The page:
4. Step 4 The center X always remains the same. If you zero at 100 yards and you know that your bullet drops 8 inches at 300 yards you could forget about the BDC marks and hold the center X 8 inches high - that works at any power 3x or 9x and should be used at lower powers. If you zero the center crosshair at 100yds and have the BDC scope at the maximum power 9X then the first line or circle below the center X should be the mark you place on the center of the 200 yard target----- the bullet strike should hit the center. If by some chance you put the scope on 3x and placed that first mark below the center cross hair on that 200 yard target you would shoot over the top of the target. This is because as the power of the scope decreases the field of view increases the angle increase and gets wider. You can experiment with known power settings and see at a specific power say 3x what that first circle down corresponds to and make notes because at any set power what the marks correspond to will be repeatable.
I got this from a website, hope it helps.

Apr 08, 2010 | Hammers Air Gun Rifle Scope 3-7x20 With...

1 Answer

Can you explain to me what you mean by "Engraved Reticle"


Hi,

This means they are are designed with a glass engraved reticle system in which the reticle is laser-etched onto precision glass rather than using a thin wire. This eliminates the chances of breaking or becoming misaligned, as is the case with other scopes.

Let me know, if needed further assistance.

Hope i helped you.

Thanks for using ' Fixya ' and have a nice day!!

Mar 11, 2010 | Konus Optics

1 Answer

I HAVE A RIFLESCOPE THAT THE RETICLE MOVED IN AND WAS NO LONGER STRAIGHT UP AND HORIZONTAL-NOW IT SEEMS TO BE CLOSE TO WHER IT SHOULD BE AGAIN-TRYING TO FIGURE OUT WHAT IS HAPPENING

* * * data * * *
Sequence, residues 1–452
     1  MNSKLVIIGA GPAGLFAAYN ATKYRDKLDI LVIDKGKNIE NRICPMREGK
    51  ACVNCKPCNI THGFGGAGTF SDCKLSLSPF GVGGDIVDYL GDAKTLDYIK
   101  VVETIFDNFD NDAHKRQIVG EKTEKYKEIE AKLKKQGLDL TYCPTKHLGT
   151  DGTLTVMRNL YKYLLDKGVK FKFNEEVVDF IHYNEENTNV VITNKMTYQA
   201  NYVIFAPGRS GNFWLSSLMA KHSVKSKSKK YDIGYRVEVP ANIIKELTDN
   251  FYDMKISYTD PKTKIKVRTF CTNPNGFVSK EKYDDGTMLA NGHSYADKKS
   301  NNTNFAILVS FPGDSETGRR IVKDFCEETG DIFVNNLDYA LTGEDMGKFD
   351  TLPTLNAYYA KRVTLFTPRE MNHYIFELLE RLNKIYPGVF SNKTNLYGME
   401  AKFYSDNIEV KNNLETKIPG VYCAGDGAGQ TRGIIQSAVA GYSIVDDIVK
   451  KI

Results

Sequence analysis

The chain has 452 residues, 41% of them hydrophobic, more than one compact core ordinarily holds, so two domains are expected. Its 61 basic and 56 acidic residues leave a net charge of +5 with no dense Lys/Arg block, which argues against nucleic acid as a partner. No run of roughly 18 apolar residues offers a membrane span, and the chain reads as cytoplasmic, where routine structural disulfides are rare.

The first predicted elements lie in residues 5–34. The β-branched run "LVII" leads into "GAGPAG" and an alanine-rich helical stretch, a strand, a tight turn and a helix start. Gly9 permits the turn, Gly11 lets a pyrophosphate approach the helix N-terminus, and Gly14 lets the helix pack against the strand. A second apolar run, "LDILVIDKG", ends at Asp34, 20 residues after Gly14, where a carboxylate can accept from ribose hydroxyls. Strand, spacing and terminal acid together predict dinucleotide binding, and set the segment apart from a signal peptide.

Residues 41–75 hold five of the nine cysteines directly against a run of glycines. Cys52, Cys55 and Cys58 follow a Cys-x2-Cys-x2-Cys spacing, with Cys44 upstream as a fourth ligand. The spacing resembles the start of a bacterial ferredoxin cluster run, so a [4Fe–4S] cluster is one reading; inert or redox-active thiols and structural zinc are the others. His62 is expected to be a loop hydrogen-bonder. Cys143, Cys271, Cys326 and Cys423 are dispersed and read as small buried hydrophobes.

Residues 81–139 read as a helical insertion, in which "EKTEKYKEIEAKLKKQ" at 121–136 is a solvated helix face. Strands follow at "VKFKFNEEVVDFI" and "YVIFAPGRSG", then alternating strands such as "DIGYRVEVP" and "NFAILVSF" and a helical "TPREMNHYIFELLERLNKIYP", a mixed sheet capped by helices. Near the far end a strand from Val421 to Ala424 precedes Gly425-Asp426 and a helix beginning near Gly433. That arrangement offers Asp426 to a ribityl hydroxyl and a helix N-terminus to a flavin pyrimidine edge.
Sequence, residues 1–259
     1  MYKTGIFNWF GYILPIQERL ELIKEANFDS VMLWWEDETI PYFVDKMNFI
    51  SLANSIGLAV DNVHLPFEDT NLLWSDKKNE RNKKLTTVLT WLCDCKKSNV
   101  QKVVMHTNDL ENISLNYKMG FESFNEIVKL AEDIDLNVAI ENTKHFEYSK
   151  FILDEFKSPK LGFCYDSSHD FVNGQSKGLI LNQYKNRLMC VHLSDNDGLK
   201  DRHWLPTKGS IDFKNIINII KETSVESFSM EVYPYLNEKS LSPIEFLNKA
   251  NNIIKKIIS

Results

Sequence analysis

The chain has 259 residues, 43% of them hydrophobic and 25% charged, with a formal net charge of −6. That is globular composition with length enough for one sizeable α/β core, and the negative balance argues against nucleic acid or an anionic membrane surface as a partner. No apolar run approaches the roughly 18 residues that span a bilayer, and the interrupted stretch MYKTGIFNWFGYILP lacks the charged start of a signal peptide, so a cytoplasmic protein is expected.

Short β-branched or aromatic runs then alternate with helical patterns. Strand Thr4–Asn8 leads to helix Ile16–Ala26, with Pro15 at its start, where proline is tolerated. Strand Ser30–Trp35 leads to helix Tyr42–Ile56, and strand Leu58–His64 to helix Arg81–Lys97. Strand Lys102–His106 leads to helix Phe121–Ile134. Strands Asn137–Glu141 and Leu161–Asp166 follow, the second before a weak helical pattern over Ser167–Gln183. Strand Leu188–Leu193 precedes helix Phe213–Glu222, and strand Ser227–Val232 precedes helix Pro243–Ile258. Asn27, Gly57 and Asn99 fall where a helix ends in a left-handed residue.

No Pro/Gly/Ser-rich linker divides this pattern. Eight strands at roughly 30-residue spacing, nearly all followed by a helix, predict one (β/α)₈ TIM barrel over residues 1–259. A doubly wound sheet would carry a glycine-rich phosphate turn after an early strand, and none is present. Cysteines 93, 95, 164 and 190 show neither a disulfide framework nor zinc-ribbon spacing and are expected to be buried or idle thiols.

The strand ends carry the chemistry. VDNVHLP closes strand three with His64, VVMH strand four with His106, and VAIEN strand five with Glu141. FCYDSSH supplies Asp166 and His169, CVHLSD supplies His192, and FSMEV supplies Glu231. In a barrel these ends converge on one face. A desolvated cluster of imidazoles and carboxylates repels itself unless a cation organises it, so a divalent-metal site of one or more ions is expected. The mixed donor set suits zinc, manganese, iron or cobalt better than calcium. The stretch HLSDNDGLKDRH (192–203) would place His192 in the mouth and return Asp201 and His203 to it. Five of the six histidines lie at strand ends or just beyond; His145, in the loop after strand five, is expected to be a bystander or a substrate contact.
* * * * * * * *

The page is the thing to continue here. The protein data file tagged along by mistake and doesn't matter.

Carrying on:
Although I suppose it isn't impossible for the reticle to loosen, has the body of the scope perhaps just turned? Maybe the mounts need to be a little tighter.

Feb 02, 2010 | Bushnell ® Elite® 3200 3 - 9x40 mm...

1 Answer

How do I use the range finding graph reticle from barska?


The IR Rangefinding Reticle is based on the military reticle that ranges tanks, believe it or not, front to back--whatever line the tank fits between will give the range to it...but the reticle has been adapted for use in some riflescopes. Trying to define the math behind rangefinding and downrange zeroing with multi-stadia reticles is complicated and takes some study to fully grasp the concepts, which is why I have a constantly available on-line article, entitled, "Tactical Ballistic and Ranging Reticle Analysis," right here--
http://specialtypistols.infopop.cc/Reticle_Ranging___App.pdf

Jan 27, 2010 | Barska Optics Barska® 8 - 32x50 mm IR...

1 Answer

Ranging reticle in Fujinon FMTRC-SX Binocular


Its easier to explain seeing a diagram. Go to Tascos website and download the instruction manual for the Offshore binoculars or Steiner Optic website and download the general binoculars instruction manual. It has all of Steiners models incuding those with a reticle. Most reticles are the same and there is no difference between meters and yards as your calculations are an approximate.

If your Fujinon is an ex military unit it has what is known as an M22 reticle. It is only slighlty different as it is graduated in mils but the calculations is the same. If it is the M22, google Binocular M22 manual. The military number for this is TM 9-1240-403-12 & P

Mar 22, 2009 | Fujinon Polaris FMTRC-SX (7x50) Binocular

1 Answer

Problem with bushnell holosight


Get a lens pen and try cleaning the screens. That should help.

Dec 15, 2008 | Bushnell ® HOLOsight